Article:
Today at Seattle University Law, Andrew Culbert spoke on Patent Law and Trolls. Andy is associate general counsel at Microsoft in charge of patent litigation. This is the second time I have seen him speak; he was one of the session leaders at Lewis and Clark’s CLE on non-obviousness.
Andy started the presentation with some statistics from Troll Tracker, a patent blog that I highly recommend. Last year 35 Fortune 100 companies had been sued 500 times for patent infringement. This is an average of 14 times per company for patent infringement. Microsoft tops this list with 43 suits last year.
The first topic was, “Why is Microsoft getting sued?”
1. Large verdicts from juries, which are often overturned
2. Most cases are NOT filed by competitors but instead by Trolls
3. Recent trend, post-1980, to allow a liberal approach to patent claims
4. Consolidation of patents to the Federal Circuit
5. Little to no documentation for prior art on software
6. Patents w/o clear limitations (Software patents are often functional and nonspecific)
7. Integrated products which allow a relatively minor patent to claim against a large product like Windows or Office
8. Damages are astronomical in the US, $500M to $1.5B, several times larger then anywhere else
One of the most interesting parts of the talk was a list of Supreme Court cases that reflect improvements in the patent system:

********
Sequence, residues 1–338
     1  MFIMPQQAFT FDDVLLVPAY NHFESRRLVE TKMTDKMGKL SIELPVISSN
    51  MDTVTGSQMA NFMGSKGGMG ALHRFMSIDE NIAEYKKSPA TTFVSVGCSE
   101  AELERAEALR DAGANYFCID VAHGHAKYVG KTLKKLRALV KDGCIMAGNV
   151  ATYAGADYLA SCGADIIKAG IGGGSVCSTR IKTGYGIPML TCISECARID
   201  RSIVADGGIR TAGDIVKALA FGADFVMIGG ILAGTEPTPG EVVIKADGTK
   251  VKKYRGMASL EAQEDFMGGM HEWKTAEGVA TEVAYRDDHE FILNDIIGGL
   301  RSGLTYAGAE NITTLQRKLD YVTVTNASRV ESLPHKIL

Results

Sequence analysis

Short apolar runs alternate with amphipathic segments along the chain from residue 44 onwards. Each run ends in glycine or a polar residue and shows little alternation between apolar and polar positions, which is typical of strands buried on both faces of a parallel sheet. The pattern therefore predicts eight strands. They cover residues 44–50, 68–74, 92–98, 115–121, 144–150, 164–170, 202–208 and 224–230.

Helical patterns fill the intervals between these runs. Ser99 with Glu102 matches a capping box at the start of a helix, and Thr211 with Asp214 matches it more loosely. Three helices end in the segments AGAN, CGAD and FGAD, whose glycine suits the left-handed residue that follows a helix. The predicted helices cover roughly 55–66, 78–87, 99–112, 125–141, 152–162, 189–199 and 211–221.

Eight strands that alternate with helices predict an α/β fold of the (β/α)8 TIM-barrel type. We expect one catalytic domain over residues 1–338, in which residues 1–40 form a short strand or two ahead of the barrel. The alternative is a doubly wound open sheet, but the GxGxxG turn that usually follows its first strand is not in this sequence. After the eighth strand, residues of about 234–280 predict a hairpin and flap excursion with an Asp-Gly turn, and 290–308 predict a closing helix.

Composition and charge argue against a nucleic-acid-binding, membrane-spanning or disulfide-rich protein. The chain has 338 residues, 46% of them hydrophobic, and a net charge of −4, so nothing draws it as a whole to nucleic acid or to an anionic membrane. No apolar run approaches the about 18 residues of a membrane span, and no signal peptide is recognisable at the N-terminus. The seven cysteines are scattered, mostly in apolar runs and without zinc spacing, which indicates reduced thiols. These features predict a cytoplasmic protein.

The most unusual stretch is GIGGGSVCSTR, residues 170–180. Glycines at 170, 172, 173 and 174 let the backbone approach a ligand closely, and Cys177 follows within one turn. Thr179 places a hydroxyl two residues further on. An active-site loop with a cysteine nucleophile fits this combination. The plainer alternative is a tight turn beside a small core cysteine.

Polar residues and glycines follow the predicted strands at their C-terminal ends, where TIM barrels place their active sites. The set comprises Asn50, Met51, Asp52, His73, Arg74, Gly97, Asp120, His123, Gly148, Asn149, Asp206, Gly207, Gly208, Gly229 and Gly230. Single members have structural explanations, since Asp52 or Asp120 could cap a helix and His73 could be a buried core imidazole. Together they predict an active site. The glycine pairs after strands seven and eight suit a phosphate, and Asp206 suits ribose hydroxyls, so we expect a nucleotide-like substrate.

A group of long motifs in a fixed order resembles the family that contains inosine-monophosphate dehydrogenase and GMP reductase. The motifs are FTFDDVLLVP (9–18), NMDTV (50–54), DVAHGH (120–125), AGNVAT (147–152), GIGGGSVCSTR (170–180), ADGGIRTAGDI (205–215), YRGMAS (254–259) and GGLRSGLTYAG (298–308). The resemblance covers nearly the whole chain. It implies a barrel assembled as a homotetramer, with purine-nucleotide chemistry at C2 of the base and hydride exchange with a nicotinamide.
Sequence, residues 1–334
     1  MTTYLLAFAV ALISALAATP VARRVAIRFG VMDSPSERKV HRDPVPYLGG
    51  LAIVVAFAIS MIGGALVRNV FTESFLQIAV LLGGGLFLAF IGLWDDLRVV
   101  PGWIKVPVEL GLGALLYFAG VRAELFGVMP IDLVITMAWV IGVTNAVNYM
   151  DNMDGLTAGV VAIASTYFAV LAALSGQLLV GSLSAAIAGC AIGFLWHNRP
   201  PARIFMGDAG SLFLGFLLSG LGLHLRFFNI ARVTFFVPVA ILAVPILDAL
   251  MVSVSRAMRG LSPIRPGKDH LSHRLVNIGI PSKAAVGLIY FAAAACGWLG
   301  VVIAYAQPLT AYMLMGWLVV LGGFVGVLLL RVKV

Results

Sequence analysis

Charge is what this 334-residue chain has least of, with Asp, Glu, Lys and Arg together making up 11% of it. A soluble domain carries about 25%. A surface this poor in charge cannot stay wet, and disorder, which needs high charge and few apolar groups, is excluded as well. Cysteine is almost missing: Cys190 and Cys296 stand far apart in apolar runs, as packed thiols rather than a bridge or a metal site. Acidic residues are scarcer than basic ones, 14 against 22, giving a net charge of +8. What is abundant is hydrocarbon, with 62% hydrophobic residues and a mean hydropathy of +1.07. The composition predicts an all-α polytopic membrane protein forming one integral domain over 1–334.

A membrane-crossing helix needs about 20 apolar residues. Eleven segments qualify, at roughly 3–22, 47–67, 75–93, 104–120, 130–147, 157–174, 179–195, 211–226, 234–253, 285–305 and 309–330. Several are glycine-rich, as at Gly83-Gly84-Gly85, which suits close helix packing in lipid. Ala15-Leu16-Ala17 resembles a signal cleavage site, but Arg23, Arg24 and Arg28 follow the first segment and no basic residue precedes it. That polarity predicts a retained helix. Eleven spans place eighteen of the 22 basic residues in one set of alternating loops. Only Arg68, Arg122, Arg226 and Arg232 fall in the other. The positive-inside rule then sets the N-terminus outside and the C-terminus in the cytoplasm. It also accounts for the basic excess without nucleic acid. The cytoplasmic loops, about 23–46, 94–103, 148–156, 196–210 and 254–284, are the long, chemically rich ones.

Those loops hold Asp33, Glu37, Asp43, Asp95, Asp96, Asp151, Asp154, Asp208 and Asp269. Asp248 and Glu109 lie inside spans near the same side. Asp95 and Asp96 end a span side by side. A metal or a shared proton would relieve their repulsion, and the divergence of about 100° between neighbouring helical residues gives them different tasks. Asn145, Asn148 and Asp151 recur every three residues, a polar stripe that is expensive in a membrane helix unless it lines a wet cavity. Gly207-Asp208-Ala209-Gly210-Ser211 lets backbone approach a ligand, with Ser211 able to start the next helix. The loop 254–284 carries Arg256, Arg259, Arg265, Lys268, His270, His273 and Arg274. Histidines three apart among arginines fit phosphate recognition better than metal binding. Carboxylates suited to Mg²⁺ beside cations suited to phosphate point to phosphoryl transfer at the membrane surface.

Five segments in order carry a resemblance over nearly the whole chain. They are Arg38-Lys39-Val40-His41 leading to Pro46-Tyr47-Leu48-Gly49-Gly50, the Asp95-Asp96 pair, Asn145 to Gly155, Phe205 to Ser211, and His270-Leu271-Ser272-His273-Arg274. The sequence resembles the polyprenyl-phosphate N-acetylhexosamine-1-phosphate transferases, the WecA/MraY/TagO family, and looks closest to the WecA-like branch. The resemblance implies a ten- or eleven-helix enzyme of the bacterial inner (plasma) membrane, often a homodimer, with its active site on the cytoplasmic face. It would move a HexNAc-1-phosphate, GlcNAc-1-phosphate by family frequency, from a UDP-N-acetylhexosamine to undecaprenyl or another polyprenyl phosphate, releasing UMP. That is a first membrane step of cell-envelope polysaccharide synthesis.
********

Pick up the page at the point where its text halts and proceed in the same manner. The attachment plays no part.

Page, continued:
Ebay — Limits on injunctions
KSR — New rules on obviousness
MedImmune — Easer to challenge patents
AT&T — Limits on territorial scope
LEG v. Quanta (Currently on review by the Supreme Court) — May expand patent exhaustion
Also from the Federal Circuit Court:
Seagate – limits on willful infringement
Nuijten /Comiskey – limits on patentablity
FFIP was able to get in one Question at the end of the talk:
What legislative changes do you think would make the most significant positive changes for the patent system?
1. Changes to Damage calculations. The current damage formula allows for extremely high damage awards that encourages questionable litigation.
2. Possibly Venue reform. It is difficult to limit venue for real claimants, but reform that limits nonpracticing entity or shell cooperations could make a difference. It is just not an easy rule to craft and allow real claims to bring suits in home jurisdictions.
This was a great presentation. Thanks to the speaker Andy Culbert, The IPLS at SU who sponsored the presentation and Apollo Fuhriman, a 2L who organized the event.
Photo by: Dan Schlatter